[EM] Fwd: Two MMV definiions (brief, and ordered-procedure)

Michael Ossipoff email9648742 at gmail.com
Sun Dec 8 18:40:57 PST 2013

 Hi Anders--

Yes, by my definitions, MMT returns a tie between A and B. Neither has
a kept defeat.

You said that the problem is that it isn't possible, by adding one
more ballot, to make B win, and so MMT fails the Resolvability
Criterion. I daresay, MMT, and every other voting-system, fails some
criterion or other. Usually more than one, in fact.

Using a criterion to criticize a voting system, to say that another
voting system would be better, it's necessary to say why that
criterion is so necessary. Why is the method's failure of that
criterion more important than its desirable properties?

For example, say we want to use the best ideal majoritarian method,
for a poll. Should it be RP or Beatpath? RP comes in several forms:
MAM, MMT, and CIVS-RP. (But I don't know if MMV, as I now define it,
is different from CIVS-RP. It probably is.)

Maybe mid-count randomizing is unavailable or unacceptable, and so the
choice is between MMT, CIVS-RP, and Beatpath.

So we compare MMT and Beatpath:

MMT fails Resolvability. It has yet to be expained why Resolvability
is important or necessary.

Steve Eppley's simulations have shown that MAM, and therefore probably
MMT (they're both RP versions), when giving a different result from
Beatpath, will, in the vast majority of instances, give a result that
the public prefer to Beatpath's result.

RP has been found to be more stable (less likely to have its result
changed by one additional ballot), as compared to Beatpath.

Yes, Beatpath always chooses from the Schwarz set, but RP always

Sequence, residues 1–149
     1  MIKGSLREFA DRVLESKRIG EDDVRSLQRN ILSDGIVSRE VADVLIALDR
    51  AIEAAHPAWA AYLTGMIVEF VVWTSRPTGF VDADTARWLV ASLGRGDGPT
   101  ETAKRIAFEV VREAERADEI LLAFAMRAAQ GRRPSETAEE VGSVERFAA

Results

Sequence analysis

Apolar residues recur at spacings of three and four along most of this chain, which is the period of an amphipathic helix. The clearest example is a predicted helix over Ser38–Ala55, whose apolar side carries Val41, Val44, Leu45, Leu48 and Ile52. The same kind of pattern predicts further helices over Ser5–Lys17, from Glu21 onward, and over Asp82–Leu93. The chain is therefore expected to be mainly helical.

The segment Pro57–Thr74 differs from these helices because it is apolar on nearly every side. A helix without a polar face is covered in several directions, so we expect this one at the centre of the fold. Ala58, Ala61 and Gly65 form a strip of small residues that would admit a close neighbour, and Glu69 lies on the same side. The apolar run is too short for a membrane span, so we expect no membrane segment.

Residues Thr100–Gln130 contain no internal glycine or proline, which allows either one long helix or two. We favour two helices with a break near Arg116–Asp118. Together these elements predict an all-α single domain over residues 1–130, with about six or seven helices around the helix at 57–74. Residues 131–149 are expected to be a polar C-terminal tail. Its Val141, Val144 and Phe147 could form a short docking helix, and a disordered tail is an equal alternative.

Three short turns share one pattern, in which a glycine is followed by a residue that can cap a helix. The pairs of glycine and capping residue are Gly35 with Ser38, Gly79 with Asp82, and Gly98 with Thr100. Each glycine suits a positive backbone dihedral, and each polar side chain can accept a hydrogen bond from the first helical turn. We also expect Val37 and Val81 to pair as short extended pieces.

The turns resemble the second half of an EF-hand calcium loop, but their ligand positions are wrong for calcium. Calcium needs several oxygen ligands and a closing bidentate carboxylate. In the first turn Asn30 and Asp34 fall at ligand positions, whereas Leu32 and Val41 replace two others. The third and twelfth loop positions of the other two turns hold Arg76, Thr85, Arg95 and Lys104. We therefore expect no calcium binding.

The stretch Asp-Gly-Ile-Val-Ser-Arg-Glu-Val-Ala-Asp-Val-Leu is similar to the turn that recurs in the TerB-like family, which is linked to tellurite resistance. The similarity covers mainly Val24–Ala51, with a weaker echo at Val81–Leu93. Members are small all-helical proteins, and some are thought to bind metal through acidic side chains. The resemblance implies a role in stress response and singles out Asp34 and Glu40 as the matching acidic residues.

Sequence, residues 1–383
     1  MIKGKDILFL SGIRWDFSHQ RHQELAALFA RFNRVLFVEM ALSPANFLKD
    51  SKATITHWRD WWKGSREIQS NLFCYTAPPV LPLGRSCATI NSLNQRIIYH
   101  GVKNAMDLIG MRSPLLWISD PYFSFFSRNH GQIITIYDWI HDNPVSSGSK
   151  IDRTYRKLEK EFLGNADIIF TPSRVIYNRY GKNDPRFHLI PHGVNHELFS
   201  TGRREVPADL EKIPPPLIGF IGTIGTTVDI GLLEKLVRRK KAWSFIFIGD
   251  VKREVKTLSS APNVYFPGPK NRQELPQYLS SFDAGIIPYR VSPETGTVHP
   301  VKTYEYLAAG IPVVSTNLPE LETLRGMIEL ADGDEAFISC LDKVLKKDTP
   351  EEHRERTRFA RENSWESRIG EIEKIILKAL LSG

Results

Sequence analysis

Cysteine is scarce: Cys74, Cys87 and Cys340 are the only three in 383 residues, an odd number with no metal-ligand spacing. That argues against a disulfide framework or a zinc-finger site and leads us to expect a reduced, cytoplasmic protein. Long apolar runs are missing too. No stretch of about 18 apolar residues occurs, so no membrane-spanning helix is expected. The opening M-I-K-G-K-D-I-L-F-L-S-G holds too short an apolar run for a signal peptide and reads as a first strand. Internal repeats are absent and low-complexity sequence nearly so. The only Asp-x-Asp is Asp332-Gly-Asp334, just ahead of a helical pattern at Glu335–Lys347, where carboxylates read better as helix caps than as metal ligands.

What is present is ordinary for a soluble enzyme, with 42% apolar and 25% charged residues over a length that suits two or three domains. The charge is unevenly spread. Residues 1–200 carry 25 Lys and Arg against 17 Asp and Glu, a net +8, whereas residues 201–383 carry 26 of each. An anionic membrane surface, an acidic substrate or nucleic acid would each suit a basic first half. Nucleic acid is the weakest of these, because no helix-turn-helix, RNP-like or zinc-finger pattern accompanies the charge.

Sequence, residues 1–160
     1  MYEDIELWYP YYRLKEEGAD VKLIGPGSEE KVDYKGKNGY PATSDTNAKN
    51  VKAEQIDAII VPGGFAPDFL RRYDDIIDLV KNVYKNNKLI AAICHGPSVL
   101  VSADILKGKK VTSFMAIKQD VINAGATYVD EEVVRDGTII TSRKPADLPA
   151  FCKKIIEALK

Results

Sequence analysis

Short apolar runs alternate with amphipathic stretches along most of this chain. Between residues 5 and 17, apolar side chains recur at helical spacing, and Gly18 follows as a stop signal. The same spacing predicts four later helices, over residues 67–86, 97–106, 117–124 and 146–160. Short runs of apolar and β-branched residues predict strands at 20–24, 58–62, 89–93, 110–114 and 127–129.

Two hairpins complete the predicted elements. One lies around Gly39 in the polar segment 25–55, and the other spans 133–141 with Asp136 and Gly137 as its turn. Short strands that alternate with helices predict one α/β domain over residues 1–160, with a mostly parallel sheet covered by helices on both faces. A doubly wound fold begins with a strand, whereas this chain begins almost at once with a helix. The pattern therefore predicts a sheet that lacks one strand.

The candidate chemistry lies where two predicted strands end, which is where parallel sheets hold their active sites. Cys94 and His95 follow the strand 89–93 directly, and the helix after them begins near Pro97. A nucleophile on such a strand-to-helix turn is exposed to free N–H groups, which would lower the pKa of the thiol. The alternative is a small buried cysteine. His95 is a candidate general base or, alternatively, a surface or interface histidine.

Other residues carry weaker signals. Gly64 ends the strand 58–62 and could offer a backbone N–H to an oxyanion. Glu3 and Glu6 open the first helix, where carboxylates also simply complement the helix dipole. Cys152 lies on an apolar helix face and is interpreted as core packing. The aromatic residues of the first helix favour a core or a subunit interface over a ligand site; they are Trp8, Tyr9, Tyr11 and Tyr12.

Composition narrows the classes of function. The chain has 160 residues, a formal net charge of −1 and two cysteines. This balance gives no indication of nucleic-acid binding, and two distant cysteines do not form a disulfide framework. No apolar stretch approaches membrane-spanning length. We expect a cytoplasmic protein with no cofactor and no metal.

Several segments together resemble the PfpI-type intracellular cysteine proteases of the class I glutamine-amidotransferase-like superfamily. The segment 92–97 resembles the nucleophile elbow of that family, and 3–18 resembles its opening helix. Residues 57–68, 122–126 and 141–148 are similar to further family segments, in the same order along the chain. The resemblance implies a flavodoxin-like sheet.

chooses from the Smith set. The Schwartz set is more exclusive,
because being in a tie with a Schwartz set member, when beaten by
another member, is enough to disqualify a candidate from the Schwartz
set. Sure, it's nice to be more exclusive. But if the pujblic vote
that a nonmember of the Schwartz set is as good as one of its members,
then how bad could it really be to elect hir?

RP, in all of its versions, builds a complete structure of the
strongest mutually-compatible defeats. Maybe that's why it has the
properties by which it's better than Beatpath.

So, anyway, why is Resolvability essential?

Michael Ossipoff

By the ordered procedure definition:

Order the defeats (each row is a place in the order):




Consider the first row:

AC, BC and CD are kept, because they aren't a cycle with any stronger defeats.

Consider the 2nd row:

DA and AB are discarded because they're in cycles with stronger kept defeats.

By the brief definition, the same things are true, as described above,
and the result is the same.

A and B don't have a kept defeat. The method returns a tie between A and B.

On Sun, Dec 8, 2013 at 7:54 PM, Anders Kaseorg <andersk at mit.edu> wrote:
> On 12/08/2013 06:42 PM, Michael Ossipoff wrote:
>> Brief definition:
>> Keep every defeat that doesn't contradict a set of kept stronger defeats,
>> or a set consisting of defeats equal to it, and kept defeats stronger than
>> it.
>> [end of brief MMV definition]
>> Ordered-Procedure MMV definition:
>> In order of stronger first, consider the defeats one at time, as follows:
>> Keep the considerred defeat if it doesn't contradict a set of stronger
>> kept defeats, or a set consisting of defeats equal to it, and kept defeats
>> stronger than it is.
>> [end of ordered-procedure MMV definition]
> This still doesn’t fix the problem I pointed out yesterday[1].  Are you
> intending to fix it, or have you decided to fail resolvability in favor of
> making the definition shorter?
> Anders
> [1]
> http://lists.electorama.com/pipermail/election-methods-electorama.com/2013-December/032423.html

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